We saw nothing in you unworthy of imitating, yet, we resisted: but, to what end, what were you here to say? Some thing that we are, that we were and we are to be… What! All effort returns to its whisper our feet can barely hear in the earth. Hers was an unmatched urgency to gather the little precious things of us and demonstrate our abiding magnitude. She stammered like all gifted ones do on the invited moment to let go to an assent known without knowing to be there, waiting to be born of us –the Art of ourselves!
The passion of an Artist to be liberated from the known “Be” to try again where all longing begins, sets the one up against the ultimate challenge of witnessing the carving out of the very work that will annihilate him! There, behind the zero, busied in that gulf where the last creation left him, can there be any consolation –an earnest grasp in the meaning of praise– not really, only an intense force that draws him to reconcile again and again with wounds that truncated the memory of every note or brush stroke he has ever made.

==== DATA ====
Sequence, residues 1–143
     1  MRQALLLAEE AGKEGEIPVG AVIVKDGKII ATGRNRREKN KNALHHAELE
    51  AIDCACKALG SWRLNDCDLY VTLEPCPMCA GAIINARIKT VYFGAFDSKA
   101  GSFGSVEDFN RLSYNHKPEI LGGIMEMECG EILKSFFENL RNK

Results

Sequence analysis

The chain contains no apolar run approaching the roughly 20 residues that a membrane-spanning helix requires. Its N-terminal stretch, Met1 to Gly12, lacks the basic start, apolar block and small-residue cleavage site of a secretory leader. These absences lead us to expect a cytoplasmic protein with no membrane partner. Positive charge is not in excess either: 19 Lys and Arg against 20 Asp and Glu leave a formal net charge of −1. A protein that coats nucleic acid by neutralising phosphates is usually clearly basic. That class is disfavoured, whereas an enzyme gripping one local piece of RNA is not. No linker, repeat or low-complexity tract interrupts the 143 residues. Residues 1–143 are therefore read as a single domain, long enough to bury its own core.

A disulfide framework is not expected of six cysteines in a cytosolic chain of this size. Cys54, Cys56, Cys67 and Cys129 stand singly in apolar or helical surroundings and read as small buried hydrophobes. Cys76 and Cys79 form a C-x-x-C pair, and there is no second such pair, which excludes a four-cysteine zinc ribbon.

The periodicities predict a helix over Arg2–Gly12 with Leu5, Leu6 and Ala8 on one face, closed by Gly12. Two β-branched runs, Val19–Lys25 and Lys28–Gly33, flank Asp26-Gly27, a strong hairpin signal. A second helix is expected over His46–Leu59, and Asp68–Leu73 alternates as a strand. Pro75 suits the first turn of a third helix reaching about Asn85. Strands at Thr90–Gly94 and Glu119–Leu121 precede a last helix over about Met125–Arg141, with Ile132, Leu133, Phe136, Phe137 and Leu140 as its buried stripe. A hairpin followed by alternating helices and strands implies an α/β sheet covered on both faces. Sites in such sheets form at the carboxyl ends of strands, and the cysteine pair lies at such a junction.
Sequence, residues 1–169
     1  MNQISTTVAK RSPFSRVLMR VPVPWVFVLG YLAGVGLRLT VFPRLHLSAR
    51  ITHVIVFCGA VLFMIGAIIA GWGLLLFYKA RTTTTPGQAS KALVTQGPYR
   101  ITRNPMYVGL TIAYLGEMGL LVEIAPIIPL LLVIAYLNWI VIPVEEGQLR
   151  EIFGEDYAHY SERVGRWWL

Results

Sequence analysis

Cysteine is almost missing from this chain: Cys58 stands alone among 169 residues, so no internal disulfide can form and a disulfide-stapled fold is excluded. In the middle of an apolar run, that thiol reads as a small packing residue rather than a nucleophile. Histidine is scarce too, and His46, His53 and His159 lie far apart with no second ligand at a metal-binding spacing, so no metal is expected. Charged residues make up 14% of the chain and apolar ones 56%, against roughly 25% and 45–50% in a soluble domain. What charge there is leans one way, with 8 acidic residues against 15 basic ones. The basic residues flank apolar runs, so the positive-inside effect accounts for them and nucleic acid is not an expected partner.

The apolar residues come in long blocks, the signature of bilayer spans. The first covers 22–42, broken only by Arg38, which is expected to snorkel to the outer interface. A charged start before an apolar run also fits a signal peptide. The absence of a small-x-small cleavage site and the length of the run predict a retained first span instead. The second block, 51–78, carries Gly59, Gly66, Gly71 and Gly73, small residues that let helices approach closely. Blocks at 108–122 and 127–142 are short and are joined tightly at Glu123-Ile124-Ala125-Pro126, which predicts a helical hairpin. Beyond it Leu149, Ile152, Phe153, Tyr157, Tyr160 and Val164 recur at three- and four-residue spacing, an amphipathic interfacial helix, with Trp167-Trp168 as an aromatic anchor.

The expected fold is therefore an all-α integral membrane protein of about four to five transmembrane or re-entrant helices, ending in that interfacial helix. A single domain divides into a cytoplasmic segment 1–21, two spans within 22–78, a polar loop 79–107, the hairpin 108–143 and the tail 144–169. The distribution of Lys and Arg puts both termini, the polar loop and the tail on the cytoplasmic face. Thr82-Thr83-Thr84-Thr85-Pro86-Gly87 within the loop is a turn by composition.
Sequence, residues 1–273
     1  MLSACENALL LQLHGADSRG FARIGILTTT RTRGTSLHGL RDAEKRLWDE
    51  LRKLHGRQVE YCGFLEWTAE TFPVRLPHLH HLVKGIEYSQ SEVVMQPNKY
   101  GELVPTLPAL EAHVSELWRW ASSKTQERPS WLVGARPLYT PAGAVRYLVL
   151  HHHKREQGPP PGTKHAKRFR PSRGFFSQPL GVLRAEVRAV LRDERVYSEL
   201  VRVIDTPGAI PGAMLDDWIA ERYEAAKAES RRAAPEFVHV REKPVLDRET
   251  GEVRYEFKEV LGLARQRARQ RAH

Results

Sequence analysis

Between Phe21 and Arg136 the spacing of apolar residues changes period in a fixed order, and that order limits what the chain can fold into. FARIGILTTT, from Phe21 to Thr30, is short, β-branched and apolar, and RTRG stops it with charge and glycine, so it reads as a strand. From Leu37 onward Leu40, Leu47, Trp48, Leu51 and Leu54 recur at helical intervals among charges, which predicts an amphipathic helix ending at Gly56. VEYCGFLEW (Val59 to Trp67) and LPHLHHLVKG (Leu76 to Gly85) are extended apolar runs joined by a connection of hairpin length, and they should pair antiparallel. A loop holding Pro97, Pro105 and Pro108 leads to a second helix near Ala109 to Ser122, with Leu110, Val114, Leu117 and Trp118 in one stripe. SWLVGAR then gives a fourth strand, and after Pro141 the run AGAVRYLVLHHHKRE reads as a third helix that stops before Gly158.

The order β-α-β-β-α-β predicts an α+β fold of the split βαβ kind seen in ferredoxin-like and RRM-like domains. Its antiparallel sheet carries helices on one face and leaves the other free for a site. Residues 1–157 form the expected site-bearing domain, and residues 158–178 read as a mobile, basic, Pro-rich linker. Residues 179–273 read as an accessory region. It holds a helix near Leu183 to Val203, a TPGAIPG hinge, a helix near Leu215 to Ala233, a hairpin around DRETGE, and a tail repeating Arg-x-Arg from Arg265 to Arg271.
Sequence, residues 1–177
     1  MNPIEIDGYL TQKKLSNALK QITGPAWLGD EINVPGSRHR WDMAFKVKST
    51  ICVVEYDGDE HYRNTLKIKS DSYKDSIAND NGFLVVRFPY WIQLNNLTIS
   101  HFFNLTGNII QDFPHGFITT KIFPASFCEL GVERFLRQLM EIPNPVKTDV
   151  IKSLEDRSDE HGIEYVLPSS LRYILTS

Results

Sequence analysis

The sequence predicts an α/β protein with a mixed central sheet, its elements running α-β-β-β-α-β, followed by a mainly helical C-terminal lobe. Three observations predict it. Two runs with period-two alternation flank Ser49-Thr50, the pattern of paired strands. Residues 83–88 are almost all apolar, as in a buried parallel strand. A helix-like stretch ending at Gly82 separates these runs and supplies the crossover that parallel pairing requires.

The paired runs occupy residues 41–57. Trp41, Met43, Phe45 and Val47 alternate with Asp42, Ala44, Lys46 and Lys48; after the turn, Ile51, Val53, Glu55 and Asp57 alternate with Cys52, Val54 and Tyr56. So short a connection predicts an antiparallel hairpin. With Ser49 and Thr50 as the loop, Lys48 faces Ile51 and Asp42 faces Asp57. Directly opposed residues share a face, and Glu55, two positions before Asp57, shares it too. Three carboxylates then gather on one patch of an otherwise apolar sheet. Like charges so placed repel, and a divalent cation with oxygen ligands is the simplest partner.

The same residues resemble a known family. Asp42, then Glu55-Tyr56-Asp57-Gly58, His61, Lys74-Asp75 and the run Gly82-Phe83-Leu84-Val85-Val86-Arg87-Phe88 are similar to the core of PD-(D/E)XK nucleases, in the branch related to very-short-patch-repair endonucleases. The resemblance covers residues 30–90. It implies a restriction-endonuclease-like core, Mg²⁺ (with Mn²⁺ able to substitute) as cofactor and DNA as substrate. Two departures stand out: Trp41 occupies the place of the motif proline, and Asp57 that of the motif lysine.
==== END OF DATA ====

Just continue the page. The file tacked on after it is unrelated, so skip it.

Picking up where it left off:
She, because of her treasures brought to the open in a place that lacked vigilance, was kept restless; and, with the slightest whim, her arms, lengthened by the jeweled fan of (her) Mama Oshun, she tamed error by veering the bend of our unfinished gestures. When was she ever not enchanted by the sincerity of toil that proved us mere offerings to a work that landed in our care, to be attended in the gratitude we feel for the first light of morning that seems like echoes of a radiant word racing through our immense forests, seeking to arouse our souls!